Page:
The Second Amendment assigned a security interest in the JDB and split dollar policies, including the death benefits under those policies, to VCB. ECF No. 120-1 at 8; ECF No. 120-17 at 9. When it was executed, however, VCB knew of John's dementia. ECF No. 120-11 at 28- 41. VCB had been told by David and Thomas, as well as through medical reports shared with VCB, that John was suffering from very serious dementia and had only months to live. Id. Additionally, VCB's own experience with John's diminished capacity had led it to refuse to communicate with John. Id. VCB's outside counsel even recommended that it ask for John to undergo a medical evaluation to determine his competency. Id. However, VCB elected not to follow this advice. Id. When the Second Amendment was executed, VCB's counsel did not communicate with John and Betty regarding the transaction. Id. at 8. Instead, VCB asked Thomas to collect the necessary signatures, which he did. Id. Some of those signatures for John, however, were found by Judge Dugan to have been forged. Id. at 41.

         Petition for Guardianship of John

         In August 2010, two months after the Second Amendment was executed, Betty filed a petition for guardianship of her husband. ECF No. 120-1 at 6. In October 2010, the Circuit Court for Montgomery County appointed David guardian of his father's property and co-guardian, with Betty, of his father's person. ECF No. 120-2. In December 2010, the order was amended to make Betty the temporary guardian of John's person and David the temporary guardian of his father's property. ECF No. 120-3. In January 2011, the court issued a final order appointing David guardian of his father's property and co-guardian, with Betty, of his father's person. ECF No. 120-4.[2]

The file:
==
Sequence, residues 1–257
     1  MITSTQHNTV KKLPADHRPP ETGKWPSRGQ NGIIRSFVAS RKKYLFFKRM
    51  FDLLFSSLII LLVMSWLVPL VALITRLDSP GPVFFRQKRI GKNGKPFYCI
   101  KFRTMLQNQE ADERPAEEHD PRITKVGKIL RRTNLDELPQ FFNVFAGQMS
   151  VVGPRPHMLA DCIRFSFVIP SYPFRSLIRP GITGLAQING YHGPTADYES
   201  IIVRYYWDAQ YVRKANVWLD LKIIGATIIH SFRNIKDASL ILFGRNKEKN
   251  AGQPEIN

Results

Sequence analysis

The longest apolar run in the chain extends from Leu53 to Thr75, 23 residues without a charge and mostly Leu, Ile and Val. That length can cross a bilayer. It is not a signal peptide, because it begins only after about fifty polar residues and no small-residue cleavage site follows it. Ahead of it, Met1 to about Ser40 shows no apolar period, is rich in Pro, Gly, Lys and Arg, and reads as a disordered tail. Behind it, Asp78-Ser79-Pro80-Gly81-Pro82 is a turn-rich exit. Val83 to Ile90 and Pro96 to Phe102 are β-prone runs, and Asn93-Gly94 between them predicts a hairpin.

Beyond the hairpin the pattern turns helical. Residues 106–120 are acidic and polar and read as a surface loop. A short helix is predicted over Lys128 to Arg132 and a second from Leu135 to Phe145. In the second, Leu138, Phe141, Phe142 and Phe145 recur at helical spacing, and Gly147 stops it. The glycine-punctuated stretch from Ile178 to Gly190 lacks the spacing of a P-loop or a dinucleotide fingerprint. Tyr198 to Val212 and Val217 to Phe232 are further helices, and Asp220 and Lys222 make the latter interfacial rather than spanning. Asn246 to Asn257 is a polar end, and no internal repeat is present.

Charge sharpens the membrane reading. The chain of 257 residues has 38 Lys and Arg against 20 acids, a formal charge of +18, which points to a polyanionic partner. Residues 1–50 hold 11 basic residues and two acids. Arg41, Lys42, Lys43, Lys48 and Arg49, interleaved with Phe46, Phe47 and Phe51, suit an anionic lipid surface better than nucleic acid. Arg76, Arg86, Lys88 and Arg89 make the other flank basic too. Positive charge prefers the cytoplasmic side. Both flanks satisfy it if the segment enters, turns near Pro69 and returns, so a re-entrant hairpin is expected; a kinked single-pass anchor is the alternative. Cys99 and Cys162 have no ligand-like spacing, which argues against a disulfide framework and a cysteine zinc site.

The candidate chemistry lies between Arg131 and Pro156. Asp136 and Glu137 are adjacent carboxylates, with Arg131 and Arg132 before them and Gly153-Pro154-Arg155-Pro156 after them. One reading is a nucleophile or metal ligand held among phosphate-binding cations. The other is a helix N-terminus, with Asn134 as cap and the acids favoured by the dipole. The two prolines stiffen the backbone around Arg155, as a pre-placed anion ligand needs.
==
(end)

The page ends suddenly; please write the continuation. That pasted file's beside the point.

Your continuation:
David did not learn of the Second Amendment until February 2011. ECF No. 120-1 at 6. In March 2011, David changed the beneficiary designations of the eight life insurance policies from Betty, or his father's estate in one instance and a prospective testamentary trust in another, to a newly created John D. Buckingham Life Insurance Trust (“JDB Life Insurance Trust”) for the purpose of funding the support and care of John and Betty. Id. at 8-9; ECF No. 141-12. Betty was the primary beneficiary of the JDB Life Insurance Trust, and the Buckingham children were made contingent beneficiaries who would receive the remaining balance of the trust after the death of both parents. ECF No. 120-1 at 9.

         United Bank claims that SCS retained the power to change the policy beneficiaries, despite the status of the John Hancock policies as split dollar policies, and that John's designation of his wife, Betty, as the secondary beneficiary was done in John's capacity as president of SCS. ECF No. 141-1 at 4. As such, United Bank argues that SCS was the alternate beneficiary of the split dollar and John Hancock policies and John's estate was the alternate beneficiary of the JDB policies. Id. at 3-4. Therefore, it contends, but for David's actions changing the beneficiary designations, SCS and John's estate would have been the beneficiaries of the policies at John's death, and thus the proceeds were diverted away from SCS's and John's creditors. Hr'g Tr. 4:14:25-4:15:10 (Nov. 27, 2017); see also ECF No. 141-1 at 29.

         The John Hancock Policies and the Osprey Trust